• CCMVal was a large international effort to improve understanding of Chemistry-Climate Models (CCMs) and their underlying GCMs (General Circulation Models) through process-oriented evaluation, along with discussion and coordinated analysis of science results. The first round of CCMVal (CCMVal-1) evaluated only a limited set of key processes in the CCMs, focusing mainly on dynamics and transport. This dataset contains LMDZrepro model output from the WMO 2006 REF1 experiment run by the Institut Pierre Simon.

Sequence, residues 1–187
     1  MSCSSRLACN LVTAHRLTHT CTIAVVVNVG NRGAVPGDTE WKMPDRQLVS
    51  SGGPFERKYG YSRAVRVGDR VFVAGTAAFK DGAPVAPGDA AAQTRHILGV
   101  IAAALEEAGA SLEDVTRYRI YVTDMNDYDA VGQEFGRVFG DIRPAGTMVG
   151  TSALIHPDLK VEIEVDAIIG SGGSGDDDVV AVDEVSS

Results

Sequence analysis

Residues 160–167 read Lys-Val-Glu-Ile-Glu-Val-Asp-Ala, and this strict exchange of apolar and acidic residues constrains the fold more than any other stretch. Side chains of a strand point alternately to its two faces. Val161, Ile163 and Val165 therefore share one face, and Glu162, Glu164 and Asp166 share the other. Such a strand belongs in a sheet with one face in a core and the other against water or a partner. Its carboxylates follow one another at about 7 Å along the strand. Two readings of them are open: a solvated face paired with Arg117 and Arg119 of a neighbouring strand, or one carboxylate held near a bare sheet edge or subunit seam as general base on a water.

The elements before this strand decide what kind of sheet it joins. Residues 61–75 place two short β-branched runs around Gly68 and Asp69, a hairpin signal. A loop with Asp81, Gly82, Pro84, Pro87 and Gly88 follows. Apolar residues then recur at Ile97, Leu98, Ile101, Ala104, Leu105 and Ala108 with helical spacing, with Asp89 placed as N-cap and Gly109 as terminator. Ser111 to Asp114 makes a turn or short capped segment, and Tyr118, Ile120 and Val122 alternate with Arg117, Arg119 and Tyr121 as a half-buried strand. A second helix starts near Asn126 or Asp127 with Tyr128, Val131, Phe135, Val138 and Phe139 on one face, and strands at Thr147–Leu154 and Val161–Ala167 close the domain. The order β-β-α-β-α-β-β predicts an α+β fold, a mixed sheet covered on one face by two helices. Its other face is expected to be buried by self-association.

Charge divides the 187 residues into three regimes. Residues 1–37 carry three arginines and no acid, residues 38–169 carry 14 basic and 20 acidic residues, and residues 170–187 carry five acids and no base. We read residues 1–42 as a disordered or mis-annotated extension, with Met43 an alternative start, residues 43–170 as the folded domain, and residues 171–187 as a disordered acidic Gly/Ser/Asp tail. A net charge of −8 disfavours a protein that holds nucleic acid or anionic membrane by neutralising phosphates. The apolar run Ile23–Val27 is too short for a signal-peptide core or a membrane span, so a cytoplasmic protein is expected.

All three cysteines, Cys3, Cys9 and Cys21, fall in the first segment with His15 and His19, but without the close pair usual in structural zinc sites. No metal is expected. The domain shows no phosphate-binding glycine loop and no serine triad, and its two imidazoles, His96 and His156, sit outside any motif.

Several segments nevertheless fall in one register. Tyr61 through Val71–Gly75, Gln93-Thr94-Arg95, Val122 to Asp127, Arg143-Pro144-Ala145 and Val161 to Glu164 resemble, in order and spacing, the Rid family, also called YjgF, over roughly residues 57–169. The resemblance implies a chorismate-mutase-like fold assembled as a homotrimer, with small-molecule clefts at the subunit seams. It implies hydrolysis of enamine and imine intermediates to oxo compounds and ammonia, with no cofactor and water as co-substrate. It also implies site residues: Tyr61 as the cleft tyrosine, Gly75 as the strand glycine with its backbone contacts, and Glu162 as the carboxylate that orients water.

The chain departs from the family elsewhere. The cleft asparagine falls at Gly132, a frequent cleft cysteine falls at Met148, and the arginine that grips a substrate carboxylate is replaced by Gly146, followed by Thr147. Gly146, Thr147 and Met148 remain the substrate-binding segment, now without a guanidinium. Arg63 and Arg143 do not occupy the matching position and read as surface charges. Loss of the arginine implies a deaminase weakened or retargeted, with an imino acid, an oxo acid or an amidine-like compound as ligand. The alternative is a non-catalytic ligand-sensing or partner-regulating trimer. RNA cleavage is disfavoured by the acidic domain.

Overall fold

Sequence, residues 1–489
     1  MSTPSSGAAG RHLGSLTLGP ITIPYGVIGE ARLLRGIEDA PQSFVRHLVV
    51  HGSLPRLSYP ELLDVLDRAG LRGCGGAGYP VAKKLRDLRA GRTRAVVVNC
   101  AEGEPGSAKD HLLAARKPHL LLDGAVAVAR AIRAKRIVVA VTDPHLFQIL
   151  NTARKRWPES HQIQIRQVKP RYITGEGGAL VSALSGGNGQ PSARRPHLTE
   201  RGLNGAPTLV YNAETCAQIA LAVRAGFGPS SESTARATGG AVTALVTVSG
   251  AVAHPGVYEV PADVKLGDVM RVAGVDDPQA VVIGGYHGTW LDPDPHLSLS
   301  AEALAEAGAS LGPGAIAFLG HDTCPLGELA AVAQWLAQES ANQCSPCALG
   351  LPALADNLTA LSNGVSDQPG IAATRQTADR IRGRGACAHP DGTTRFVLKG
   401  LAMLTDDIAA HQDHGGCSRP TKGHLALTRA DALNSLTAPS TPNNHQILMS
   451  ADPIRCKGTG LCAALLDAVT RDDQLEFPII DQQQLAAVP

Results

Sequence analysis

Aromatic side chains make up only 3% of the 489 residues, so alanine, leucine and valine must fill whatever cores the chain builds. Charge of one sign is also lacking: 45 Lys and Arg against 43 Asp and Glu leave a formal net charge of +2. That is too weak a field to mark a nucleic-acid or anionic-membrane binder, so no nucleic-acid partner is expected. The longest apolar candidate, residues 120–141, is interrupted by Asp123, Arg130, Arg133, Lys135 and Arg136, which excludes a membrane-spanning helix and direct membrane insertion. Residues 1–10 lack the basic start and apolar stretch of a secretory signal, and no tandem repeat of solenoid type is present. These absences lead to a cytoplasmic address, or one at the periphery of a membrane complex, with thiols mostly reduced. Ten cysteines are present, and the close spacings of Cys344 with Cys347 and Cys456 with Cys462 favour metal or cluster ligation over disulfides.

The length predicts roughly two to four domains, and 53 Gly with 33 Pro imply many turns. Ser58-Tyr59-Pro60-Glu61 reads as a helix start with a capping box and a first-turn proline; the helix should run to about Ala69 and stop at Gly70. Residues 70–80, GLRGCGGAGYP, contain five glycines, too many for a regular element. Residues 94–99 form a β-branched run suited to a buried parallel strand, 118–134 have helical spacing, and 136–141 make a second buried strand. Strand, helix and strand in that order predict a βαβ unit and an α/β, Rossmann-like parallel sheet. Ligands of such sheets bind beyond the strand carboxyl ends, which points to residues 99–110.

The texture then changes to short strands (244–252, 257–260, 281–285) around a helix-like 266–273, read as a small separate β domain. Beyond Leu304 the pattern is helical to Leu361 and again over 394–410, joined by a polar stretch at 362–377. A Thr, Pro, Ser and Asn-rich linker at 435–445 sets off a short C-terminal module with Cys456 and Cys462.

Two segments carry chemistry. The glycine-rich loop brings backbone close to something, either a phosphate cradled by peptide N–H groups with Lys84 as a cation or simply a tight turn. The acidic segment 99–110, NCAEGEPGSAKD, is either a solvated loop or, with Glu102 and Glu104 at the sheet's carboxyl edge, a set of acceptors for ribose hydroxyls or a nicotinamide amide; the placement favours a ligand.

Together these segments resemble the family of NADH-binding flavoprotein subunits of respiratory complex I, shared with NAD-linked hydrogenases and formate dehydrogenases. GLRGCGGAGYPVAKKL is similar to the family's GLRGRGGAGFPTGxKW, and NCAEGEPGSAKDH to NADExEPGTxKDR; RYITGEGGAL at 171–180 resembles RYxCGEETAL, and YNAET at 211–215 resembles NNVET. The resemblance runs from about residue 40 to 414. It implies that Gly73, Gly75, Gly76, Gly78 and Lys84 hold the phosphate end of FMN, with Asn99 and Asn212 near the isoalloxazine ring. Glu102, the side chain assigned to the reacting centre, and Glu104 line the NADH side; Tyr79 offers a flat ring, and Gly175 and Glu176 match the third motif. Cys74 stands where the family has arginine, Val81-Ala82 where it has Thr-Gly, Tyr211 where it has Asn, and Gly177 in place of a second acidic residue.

• MOHMAT, (Met Office Historical Marine Air Temperature) is a gridded dataset of marine air temperature anomalies covering the period 1856-2006. The current version of the dataset is MOHMAT4, which is described in reference below (under Doc tab). MOHMAT is produced by taking in-situ measurements of MAT from ships and buoys, rejecting measurements which fail quality checks, converting the measurements to anomalies by subtracting climatological values from the measurements, and averaging the resulting anomalies on a 5 by 5 degree monthly grid. Note that only night-time data are used, because day-time data are corrupted by heat island effects. Up to 1996 the measurements used are those in the U.K. Marine Data Bank; more recent years use data coming in through the GTS. MOHMAT is no longer updated. After gridding the anomalies, bias corrections are applied to remove spurious trends caused by changes in ship deck heights and various unusual operational practices, and the data are smoothed to reduce noise. The data are provided by the Met Office.